The Human Side of Efficient Buildings

It’s been a little more than four weeks now that I’ve worked on the RMI buildings team.  As I mentioned in a previous blog post, my primary responsibility is writing case studies of buildings that have undergone deep energy efficiency retrofits.  A deep retrofit is defined as any project that saves 50% or more in energy use.  The goal of these case studies is to move the building industry forward by providing examples of how retrofits can be advantageous to both owners and tenants, and allow other buildings to learn from the projects that have already been done.

With my background in psychology and an interest in human functioning and productivity, one of the first things that struck me in the research I’ve been doing for my job is that there are benefits to efficient buildings far beyond cheaper energy bills and lower carbon dioxide emissions.  This is significant both to me as a personal reason of why I focus on green buildings in my career, and to property owners and tenants when considering whether to retrofit their buildings.

In their deep retrofit guides, RMI likes to talk about how efficient buildings can increase worker productivity by 6-16%, which is quite valuable because labor costs are some of the highest that businesses face.  Efficient buildings “boast reduced absenteeism, better employee health, higher occupancy rates, increased rental rates and sales prices, and decreased financial and regulatory risk,” they write.

Beyond office spaces, building efficiency has non-energy benefits in other sectors as well.  A recent report by the U.S. Department of Justice details the methods and advantages of energy efficiency a prisons, including reduced aggression.  Daylighting and natural views in prison inmates’ cells can also reduce health complaints.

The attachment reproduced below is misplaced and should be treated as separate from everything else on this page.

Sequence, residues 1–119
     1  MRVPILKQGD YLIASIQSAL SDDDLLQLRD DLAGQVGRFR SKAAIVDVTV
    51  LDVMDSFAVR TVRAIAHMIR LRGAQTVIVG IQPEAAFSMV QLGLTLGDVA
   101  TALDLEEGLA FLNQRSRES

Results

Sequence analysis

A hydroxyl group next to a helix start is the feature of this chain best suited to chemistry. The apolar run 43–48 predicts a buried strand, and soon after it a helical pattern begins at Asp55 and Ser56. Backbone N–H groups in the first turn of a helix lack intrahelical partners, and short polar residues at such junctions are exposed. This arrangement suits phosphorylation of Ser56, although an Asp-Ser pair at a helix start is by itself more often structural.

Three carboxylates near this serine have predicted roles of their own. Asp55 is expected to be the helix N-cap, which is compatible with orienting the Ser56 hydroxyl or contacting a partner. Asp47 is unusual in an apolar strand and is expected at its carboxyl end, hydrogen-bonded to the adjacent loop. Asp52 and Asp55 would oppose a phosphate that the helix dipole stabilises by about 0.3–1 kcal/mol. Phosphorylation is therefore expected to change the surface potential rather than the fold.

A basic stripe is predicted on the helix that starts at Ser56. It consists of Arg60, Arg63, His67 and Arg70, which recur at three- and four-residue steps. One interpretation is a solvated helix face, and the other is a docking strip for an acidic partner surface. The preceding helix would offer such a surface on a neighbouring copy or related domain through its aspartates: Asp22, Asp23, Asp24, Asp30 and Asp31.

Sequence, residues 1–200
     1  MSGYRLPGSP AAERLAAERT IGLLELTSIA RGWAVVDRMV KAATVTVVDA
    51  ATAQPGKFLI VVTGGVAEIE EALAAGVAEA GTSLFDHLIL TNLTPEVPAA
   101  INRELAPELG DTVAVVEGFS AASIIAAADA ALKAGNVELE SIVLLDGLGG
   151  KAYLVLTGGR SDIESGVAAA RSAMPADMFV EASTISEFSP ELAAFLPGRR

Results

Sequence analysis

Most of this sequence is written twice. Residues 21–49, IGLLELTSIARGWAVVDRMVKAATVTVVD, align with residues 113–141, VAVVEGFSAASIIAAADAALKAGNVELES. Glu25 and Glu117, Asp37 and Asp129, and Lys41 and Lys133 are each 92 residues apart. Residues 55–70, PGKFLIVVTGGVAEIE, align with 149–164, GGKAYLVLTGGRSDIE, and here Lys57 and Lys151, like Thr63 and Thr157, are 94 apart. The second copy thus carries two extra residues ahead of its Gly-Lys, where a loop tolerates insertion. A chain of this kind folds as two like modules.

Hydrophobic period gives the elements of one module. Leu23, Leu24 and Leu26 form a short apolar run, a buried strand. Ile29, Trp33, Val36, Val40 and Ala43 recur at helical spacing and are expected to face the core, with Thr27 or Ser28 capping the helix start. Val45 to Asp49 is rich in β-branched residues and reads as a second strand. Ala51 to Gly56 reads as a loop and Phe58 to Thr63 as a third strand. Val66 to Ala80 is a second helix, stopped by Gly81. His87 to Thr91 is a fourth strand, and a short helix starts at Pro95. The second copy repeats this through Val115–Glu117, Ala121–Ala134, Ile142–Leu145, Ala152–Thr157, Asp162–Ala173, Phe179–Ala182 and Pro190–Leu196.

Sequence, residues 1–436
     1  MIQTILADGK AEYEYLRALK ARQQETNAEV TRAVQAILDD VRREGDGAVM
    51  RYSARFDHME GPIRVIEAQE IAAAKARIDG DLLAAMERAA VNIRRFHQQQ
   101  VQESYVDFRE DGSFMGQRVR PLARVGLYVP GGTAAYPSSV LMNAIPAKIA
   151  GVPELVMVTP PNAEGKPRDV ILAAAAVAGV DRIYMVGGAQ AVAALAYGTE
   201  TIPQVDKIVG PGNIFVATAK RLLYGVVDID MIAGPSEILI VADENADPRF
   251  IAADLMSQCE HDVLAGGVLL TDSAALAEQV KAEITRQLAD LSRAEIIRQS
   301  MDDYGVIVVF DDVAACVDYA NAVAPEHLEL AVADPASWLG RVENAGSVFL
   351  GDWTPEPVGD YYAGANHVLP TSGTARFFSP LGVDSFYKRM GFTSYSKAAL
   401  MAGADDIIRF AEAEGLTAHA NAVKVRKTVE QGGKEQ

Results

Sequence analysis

One of the buildings that I’m writing a case study about this summer, the Byron Rogers office building in Denver, Colorado, is a model of energy efficiency despite its less-than-ideal orientation and necessitated preservation of historic features.  The deep retrofit of this building achieved about an 80% reduction in energy use.  Even more impressively, the RMI Innovation Center, which will open in December and serve as the organization’s new headquarters, is slated to be one of the most efficient buildings in the world and was designed and constructed with the goals of setting an example and moving the entire building industry in mind.  Exciting news – this summer I’ll be creating a behavioral energy efficiency plan for the Innovation Center!  I’m really excited about this and happy that I can spend some of my time on the behavior change aspect of energy efficiency, which is my main area of interest.

It’s really stimulating to be working on some of the most extraordinary buildings in the world this summer, and really encouraging to me that working on building efficiency produces benefits both in energy savings and human health and comfort.  Tomorrow, I am looking forward to attending a US Green Building Council happy hour for young professionals in Denver.  I am happy to be where I am, doing what I’m doing!